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Is It Time To Review and Consider Updates to Your Personnel Policies?

Social media policies. Cell phone and electronic device policies. Confidentiality policies. Respectful workplace policies. Workplace investigation policies. At-will disclaimers. What do these all have in common? Various iterations of these standard personnel policies all previously were ruled to be unlawful by the National Labor Relations Board (NLRB) under the Obama administration.

Because President Biden has an opportunity in the near future to reshape the NLRB in a way that echoes and may even surpass the pro-labor tendencies we saw from 2008 to 2016, private sector employers – especially non-union companies – should consider reviewing their employee handbooks and policies soon.

In 2017, the Trump Board issued a significant decision that altered how the NLRB evaluates employer policies. For example, in some cases, the NLRB looks at the business rationale behind a rule and, depending on the justification, could find arguably overboard policies to be lawful. The Obama Board, in contrast, virtually never took into account the reasons behind a rule and simply found policies to violate labor law based upon on their wording.

The Obama Board issued numerous decisions that threw standard personnel policies into disarray. For instance, that NLRB routinely found confidentiality policies that stated employees were expected to safeguard and not disclose any “confidential information” to be unlawful. The rationale was that merely stating “confidential information” without defining it to exclude things like employee compensation information was overly broad and violated the National Labor Relations Act (NLRA). Needless to say, employers often were left guessing which of their longstanding, routine employee policies would withstand a challenge by the NLRB.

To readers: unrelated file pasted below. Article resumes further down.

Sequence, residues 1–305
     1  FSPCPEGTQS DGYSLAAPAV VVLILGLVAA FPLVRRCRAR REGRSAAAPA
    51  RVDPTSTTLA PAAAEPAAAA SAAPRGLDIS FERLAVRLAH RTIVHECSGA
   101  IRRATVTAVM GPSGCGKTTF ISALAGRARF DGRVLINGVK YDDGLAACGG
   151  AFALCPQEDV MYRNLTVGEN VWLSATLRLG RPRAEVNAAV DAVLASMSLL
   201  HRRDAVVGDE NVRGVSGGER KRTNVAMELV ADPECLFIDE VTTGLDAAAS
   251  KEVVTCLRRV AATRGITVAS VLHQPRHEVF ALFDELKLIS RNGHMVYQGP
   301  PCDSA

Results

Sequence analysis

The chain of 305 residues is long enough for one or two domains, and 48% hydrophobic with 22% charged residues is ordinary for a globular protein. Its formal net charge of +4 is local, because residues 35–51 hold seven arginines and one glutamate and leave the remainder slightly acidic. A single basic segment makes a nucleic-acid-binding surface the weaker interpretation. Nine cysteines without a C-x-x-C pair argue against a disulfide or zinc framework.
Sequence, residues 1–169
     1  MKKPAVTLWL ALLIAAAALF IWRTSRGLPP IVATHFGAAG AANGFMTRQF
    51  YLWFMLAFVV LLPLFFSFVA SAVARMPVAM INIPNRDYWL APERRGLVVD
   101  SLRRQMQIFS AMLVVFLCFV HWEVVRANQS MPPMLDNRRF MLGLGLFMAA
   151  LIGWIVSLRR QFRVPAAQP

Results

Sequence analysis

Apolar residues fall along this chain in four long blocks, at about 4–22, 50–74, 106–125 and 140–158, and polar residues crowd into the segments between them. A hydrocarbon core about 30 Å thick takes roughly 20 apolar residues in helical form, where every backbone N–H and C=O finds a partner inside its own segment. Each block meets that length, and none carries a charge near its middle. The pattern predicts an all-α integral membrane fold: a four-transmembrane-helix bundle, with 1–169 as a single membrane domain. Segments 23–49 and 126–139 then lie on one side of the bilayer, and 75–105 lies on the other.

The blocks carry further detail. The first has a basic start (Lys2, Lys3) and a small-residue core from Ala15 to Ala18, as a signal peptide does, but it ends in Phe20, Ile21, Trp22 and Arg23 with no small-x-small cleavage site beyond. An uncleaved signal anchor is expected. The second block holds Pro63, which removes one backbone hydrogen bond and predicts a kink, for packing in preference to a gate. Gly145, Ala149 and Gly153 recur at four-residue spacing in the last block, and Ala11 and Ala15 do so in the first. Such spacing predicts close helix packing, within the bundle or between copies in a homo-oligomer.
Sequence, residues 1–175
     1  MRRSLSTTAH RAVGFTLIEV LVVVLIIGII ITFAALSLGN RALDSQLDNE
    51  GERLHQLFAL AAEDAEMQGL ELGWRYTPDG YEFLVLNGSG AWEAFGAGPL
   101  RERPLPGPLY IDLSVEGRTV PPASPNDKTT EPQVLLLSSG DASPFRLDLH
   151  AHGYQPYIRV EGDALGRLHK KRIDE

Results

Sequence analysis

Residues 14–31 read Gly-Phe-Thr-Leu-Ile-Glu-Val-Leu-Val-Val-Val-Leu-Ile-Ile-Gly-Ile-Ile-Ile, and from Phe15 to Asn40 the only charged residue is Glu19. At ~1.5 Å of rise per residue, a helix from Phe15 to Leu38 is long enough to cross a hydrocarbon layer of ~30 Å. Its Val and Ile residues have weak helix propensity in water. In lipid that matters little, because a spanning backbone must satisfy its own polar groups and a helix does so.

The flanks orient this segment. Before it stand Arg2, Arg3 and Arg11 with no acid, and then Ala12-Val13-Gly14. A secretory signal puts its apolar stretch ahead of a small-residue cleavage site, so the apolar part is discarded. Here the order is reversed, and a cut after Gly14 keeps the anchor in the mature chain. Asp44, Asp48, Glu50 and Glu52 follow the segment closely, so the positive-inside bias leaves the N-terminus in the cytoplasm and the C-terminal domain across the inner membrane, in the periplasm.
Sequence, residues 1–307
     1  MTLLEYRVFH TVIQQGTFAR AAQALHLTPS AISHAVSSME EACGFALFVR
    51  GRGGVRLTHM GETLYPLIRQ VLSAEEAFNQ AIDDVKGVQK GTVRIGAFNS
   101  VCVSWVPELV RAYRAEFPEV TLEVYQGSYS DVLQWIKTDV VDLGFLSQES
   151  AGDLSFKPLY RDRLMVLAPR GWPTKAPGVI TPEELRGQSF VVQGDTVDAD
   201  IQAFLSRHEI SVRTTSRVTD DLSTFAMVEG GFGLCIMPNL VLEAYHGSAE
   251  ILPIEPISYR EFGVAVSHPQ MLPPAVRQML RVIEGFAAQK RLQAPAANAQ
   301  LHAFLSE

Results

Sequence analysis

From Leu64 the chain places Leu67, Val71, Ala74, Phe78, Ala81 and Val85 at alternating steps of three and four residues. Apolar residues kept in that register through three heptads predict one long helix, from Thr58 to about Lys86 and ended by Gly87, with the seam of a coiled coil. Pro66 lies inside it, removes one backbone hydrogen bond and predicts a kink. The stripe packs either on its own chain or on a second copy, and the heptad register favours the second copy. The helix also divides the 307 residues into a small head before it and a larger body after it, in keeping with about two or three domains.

Having the NLRB rule a personnel policy is unlawful can have significant consequences for an organization. One of the most drastic penalties is a rerun union election. For instance, if an employer going through a union election mounts a successful campaign and its workers elect to not have a union, but the NLRB determines during the course of the campaign that the company maintained an unlawful workplace rule, then the election result can be set aside and a rerun vote can be ordered. This negative result would be compounded even more if the PRO Act becomes law, as that legislation would make it possible for the NLRB to automatically certify a union under these circumstances versus merely ordering a rerun.

Bottom line: the Biden Board is coming. Its view of whether standard personnel policies comply with the NLRA almost certainly will mirror – if not exceed – how the Obama Board approached these. It may be time to give your policies a fresh look and be proactive on this front.


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